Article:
As mentioned a little while ago, we’ve got a major feast day coming up next week: the Transfiguration (August 6th). Hopefully that will adorn your worship of our Lord on Tuesday!
But let’s take this moment, today, to cast our eyes upon the rest of the month. There are two more major feast days coming up: St. Mary’s on the 15th and St. Bartholomew’s on the 24th. On the surface these are pretty straight-forward commemorations, honoring the Virgin Mary, mother of our Lord, and Bartholomew (or Nathaniel), one of the twelve apostles. If you dig deeper you can make further connections to tradition and history.
St. Mary’s Day (August 15th) was not in the classical prayer books. This was for two reasons: first it was likely considered sufficient to commemorate Mary in the Purification/Presentation (February 2nd) and the Annunciation (March 25th) and having a third holy day for her would be redundant; and second, August 15th was originally a more specific holy day in Western tradition: the “Assumption” of Mary. The assumption refers to the post-biblical event of Mary being taken up (or assumed) into heaven. This is different from Christ’s ascension into heaven in a key way: Christ ascended, which is an active verb; Mary was assumed, which is a passive verb. Like Elijah and Enoch and presumably post-mortem Moses, the original holiday of August 15th was to commemorate when Mary was taken up into heaven like those Old Testament predecessors. I call this “extra-biblical” because it takes place after most of the New Testament was written, and thus is not preserved for us as a sure doctrine within the Scriptures themselves. The Reformers, thus, did not typically teach the Assumption of Mary (nor did they necessarily deny it); it’s purely a diaphora from our perspective. Thus we are free to read the doctrine of the Assumption into the Collect for this day or not:
O God, you have taken to yourself the blessed Virgin Mary, mother of your incarnate Son: Grant that we, who have been redeemed by his blood, may share with her the glory of your eternal kingdom; through Jesus Christ our Lord, who lives and reigns with you, in the unity of the Holy Spirit, one God, now and forever. Amen.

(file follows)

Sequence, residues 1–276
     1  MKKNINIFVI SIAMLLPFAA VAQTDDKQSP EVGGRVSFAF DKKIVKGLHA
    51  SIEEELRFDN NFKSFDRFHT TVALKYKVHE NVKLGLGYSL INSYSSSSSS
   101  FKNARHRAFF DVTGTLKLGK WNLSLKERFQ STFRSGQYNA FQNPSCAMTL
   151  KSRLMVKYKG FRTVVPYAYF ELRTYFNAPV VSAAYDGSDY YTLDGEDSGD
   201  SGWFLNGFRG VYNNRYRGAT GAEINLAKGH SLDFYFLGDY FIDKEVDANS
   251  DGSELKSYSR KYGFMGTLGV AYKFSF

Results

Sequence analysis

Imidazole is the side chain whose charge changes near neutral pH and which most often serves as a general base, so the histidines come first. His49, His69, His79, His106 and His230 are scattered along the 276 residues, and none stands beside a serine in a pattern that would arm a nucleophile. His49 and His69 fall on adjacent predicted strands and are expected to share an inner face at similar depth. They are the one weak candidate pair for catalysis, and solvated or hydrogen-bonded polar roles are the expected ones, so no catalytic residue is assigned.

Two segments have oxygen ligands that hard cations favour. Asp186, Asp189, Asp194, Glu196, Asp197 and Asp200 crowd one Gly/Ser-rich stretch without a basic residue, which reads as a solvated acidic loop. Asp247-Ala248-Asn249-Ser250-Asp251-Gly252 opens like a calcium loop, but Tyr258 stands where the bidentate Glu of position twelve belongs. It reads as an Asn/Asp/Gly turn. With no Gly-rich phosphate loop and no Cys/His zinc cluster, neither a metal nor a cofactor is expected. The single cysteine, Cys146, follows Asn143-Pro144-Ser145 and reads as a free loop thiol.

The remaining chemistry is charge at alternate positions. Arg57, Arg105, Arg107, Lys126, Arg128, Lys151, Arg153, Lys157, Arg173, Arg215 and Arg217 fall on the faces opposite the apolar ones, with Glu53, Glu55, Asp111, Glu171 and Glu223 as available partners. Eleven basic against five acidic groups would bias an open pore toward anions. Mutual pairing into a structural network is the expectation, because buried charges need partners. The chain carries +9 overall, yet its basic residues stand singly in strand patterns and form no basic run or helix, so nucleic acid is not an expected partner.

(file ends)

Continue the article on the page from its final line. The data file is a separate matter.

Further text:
For St. Bartholomew’s Day we can also look back at the St. Bartholomew’s Day Massacre, a riot of angry Papists who killed thousands of Protestants across France in 1572. Feel free to Google it if you want to know about the history, just be careful you don’t end up reading about the Doctor Who story about it! Or do; Doctor Who’s a cool television show. I review stories from that franchise as a for-fun activity. Anyway, even though there’s no real logical or thematic link between Bartholomew and the massacre of Hugenots, other than the common incident of martyrdom, it’s worthwhile taking note of how major events in history that concur with church holy days can leave deep impressions in popular memory. Shakespeare helps us do this with St. Crispin’s Day too, for example.
So consider yourself forewarned for a Thursday and Saturday later this month. We’ll probably take closer looks at the liturgical observances of these days when they arrive, but it’s important for the worshiper to be aware of feast days before they make their appearance. We’re invited to anticipate them the same way we anticipate Sundays, after all.